Due to the bestowed financial responsibility, unemployment is a threat to their very existence. A person takes twice as much time to recover from a loss if he is emotionally broken. While we are trying for more female inclusion in the workforce, sustaining the existing male population is equally important.

Schools & colleges need to propagate the responsibility of both the genders in running the house & changing the existing patriarchal view of the society. We as a society need to give men the breathable space for them to open up about their emotions & not be bogged by society’s standard of their roles & responsibilities. Considering the status quo & the existing financial dependence, reducing expectations from the male population does not seem like a lucrative option immediately. As a society, understanding the problem & having empathy for the young & middle-aged employable male workforce in our society is not enough. We need to reach out to the root cause of the problem & find productive solutions. Upskilling of labor- that will eventually help the male population to find better job opportunities & earn their livelihood can be a starting step.

Every company is mandated to invest in CSR projects- a part of the CSR budget can be allocated towards the aim of upskilling. They can set up training workshops for people without any formal education, thus expanding the workforce. Investing in the development of the workforce is something to always keep in mind- it not only benefits the male population but also helps labor-intensive industries to mold the labour according to their requirements. In a constitutional country like India, private companies need to be monetarily incentivized enough by the government to take steps for the growth of the masses. Hence, policies of tax benefits, subsidies & rebates by the government will be a good step in kick-starting this movement. On an individual level, if you have the option to employ a person who has a family dependent on him rather than a fresh young talent, opting for the former could save a family. If further, you are in a privileged enough position to generate employment for people, focusing on the establishment of industries in rural areas with existing mass unemployment is an idea worth considering.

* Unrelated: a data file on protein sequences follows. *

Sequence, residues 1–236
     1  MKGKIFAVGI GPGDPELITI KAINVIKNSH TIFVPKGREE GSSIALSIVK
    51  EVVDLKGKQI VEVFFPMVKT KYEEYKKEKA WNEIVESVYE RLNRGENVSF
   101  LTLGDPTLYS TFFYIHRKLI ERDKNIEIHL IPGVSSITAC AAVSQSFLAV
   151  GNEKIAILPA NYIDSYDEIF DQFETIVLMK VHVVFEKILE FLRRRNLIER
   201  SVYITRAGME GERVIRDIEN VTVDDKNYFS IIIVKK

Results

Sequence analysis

To all the men reading this, I urge you to speak to your loved ones & open up if life hits you with lemons- sharing your troubles will only help you make a better lemonade:) Masking your emotions will do no good & the built-up frustration will inevitably lead to an unpleasant blast.
You are understood & loved!


Written by: Anusha Kaushik